When you first start watching Allen v. Farrow it’s exciting to slip into the private life of a celebrity… but then the fear rises… and you feel trapped, stunned by so much damning testimony, by so many sordid details that make up Dylan Farrow's accusations against her adopted father, filmmaker Woody Allen. A great malaise sets in, one which will never leave us. Throughout the four episodes of the documentary series, we find ourselves almost checking to see if the front door is actually locked.
The series is built on the testimonies of the "Farrow clan": Dylan Farrow herself (adopted daughter of actress Mia Farrow and Woody Allen), her mother Mia Farrow, of course, and some of her other children, including Satchel - better known as Ronan Farrow - the journalist who denounced Harvey Weinstein in an investigation published by the American magazine The New Yorker. Contrary to what its title suggests, the mini-series by Kirby Dick and Amy Ziering - authors of The Invisible War (2012), a remarkable documentary on sexual violence in the army - is not a clash between two points of view: Woody Allen's on one hand and the Farrow family on the other. On the contrary, it’s a very meticulous investigation, which took place over three years and was organised solely around the victims' camp, as the accused chose not to intervene. The result is extremely shocking with deeply unsettling images (how can they not be, given the seriousness of the accusations?) of a 7-year-old child, filmed by her mother using a small camera, pointing to her groin and repeatedly insisting that “daddy touched my privates."
More than revealing the still burning traumas of an incest victim - who is now almost 40 years old - and the pain of a mother, who still blames herself for not having protected her children from a "predator", Allen v. Farrow also focuses on deconstructing the "Woody Allen personality". Critics, journalists and writers revisit the director’s films, analysing - admittedly without much depth but enough to disturb - his unfortunate tendency to write stories about 18-year-old girls infatuated with older men, with the editing suggesting this "obsession" is actually a sad premonition... Telephone conversations between Woody Allen and Mia Farrow are unearthed, and juxtaposed with testimonies from the actress's other children, all of whom express the other shock of their lives: the filmmaker's love affair with Soon-Yi Previn, his "step-daughter", from Mia Farrow's previous marriage.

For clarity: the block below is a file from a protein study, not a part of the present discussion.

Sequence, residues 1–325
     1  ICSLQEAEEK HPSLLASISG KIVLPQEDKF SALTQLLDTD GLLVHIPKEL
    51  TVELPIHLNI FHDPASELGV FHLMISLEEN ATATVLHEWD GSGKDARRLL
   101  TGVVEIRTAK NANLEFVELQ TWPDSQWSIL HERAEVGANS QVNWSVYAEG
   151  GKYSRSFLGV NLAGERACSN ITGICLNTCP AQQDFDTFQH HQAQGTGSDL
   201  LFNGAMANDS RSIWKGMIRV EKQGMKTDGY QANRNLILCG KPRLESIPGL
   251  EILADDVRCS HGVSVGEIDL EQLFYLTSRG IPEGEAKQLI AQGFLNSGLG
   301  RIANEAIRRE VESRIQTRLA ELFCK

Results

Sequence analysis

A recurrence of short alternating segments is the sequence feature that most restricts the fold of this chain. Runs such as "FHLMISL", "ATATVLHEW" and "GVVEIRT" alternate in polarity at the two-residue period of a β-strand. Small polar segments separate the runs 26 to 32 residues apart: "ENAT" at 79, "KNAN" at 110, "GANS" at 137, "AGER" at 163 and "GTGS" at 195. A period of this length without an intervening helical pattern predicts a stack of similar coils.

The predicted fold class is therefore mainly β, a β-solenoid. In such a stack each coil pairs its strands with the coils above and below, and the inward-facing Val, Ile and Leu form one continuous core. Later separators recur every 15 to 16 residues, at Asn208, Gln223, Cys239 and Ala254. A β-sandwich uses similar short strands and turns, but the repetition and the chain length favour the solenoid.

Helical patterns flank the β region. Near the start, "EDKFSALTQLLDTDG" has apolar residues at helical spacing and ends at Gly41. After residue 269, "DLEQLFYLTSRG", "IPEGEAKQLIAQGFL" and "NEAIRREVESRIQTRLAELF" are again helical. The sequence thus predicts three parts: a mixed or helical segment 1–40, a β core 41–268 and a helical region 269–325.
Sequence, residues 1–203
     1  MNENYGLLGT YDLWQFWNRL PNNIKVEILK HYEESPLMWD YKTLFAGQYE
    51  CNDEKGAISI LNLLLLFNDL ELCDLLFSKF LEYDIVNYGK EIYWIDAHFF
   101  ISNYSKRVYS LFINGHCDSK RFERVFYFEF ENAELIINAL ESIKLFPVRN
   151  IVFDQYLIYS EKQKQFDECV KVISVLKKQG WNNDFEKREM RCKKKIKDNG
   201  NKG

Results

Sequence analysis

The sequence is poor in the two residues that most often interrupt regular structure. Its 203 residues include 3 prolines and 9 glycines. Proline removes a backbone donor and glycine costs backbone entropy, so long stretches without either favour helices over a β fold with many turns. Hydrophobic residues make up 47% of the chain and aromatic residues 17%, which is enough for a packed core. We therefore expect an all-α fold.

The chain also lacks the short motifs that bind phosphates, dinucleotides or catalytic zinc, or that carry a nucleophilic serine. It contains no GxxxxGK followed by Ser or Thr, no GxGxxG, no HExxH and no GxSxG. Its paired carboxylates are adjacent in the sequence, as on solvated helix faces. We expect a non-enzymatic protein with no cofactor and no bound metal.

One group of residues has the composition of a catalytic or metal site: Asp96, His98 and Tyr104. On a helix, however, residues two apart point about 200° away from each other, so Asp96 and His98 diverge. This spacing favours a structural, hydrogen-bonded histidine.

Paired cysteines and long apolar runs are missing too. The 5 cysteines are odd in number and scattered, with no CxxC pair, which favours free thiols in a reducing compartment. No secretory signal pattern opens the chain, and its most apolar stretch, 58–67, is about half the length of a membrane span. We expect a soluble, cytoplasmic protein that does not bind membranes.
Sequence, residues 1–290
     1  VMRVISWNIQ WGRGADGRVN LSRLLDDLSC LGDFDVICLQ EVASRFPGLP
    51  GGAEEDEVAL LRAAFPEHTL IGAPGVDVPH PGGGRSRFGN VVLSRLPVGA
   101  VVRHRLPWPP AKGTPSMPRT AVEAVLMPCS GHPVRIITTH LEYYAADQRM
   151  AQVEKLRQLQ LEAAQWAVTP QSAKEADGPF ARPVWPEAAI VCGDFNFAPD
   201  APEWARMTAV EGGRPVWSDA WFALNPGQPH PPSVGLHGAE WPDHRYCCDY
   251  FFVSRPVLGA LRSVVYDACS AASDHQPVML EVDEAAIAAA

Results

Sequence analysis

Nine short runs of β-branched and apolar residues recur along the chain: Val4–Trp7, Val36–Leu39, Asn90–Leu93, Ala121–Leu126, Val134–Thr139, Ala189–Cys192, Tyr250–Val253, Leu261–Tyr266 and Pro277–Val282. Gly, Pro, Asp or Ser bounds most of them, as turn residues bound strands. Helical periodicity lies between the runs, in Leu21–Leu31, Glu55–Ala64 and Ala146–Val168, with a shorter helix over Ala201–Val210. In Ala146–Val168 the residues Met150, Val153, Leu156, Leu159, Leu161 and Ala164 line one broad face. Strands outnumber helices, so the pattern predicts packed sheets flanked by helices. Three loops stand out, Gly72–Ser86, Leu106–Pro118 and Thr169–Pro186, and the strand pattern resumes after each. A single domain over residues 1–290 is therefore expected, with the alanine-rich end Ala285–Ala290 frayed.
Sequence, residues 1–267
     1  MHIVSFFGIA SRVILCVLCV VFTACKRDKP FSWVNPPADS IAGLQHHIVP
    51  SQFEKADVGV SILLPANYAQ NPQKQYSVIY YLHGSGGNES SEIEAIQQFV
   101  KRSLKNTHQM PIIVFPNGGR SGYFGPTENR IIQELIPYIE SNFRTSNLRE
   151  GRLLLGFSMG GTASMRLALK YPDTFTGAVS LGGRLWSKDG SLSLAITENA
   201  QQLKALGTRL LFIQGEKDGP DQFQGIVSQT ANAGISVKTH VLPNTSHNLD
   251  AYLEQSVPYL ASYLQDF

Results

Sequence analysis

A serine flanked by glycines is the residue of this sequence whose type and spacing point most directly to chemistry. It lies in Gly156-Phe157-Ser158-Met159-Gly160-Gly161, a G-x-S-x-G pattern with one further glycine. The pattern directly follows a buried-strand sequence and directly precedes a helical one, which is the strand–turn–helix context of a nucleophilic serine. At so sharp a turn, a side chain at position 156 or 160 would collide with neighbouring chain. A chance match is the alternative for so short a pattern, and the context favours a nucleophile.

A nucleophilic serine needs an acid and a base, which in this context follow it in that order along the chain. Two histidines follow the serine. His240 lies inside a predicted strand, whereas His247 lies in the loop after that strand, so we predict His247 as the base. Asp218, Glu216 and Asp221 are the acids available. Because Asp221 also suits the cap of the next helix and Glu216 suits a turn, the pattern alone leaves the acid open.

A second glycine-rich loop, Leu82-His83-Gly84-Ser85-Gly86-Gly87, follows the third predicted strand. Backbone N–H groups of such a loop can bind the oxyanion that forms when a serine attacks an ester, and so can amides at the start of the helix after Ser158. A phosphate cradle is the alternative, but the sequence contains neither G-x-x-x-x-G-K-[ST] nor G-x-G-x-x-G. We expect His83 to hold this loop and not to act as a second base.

Herein lies the real point of the series: to give Mia Farrow the clearest voice possible and explain how, through a series of interviews, the use of private detectives and the bribing of psychologists, her ex-companion managed to impose a single version, his version, of the facts. By its very construction, Allen v. Farrow sweeps aside Woody Allen's counter-attacks - while barely giving him a chance to speak, apart from excerpts from his memoirs, read by himself. After Farrow filed a complaint against him for sexually assaulting their daughter Dylan, the director launched a huge media war against the actress and her children. On every TV set, he proclaimed his innocence and accused Mia Farrow of staging the whole story out of jealousy, in revenge for his affair with his step-daughter Soon-Yi Previn, who was not yet 20 years old at the time. But what Kirby Dick and Amy Ziering demonstrate is Woody Allen's attempt to cover up his crime by admitting to being guilty of something else, a scandal for which he could not be prosecuted. Because he and Soon-Yi Previn had been having a relationship for five years when the incest case launched by Dylan Farrow erupted... If he had been in love with this young woman for several years already, why wait so long to reveal her to the world? Wouldn't telling this story right away be the only way to turn the tables, make himself the victim of a conspiracy and accuse Mia Farrow of trying to get revenge?
Very close to his daughter Dylan when she was still a baby - the latter trying, according to close friends of the Farrow clan, to get away from him even though she could barely walk -, a supposed misanthrope fiercely opposed to adoption unless she was a "little blonde girl", Woody Allen is not, as his films suggest, an endearingly left-wing romantic. Instead, he is revealed by Kirby Dick and Amy Ziering to be a monstrous and calculating man, capable of raping his 7-year-old daughter in the attic of an isolated house in the depths of Connecticut - while the rest of the family search for the little girl a few floors below - and having an affair with a girl just out of her teens, who had grown up thinking of him as a father. While the charges against Woody Allen were eventually dropped at his trial against Mia Farrow - to avoid bringing the underage child to court - the documentary attempts to portray the real face of the Hollywood director known for his neurotic character. Manipulative, unhealthy, perverse... this is what the series - occasionally a little too brutally - reveals: the dark side of a man considered a monster by some and one of the greatest filmmakers of all time by others.
Allen v. Farrow (2021) by Kirby Dick and Amy Ziering, episodes 1 and 2 already available on OCS.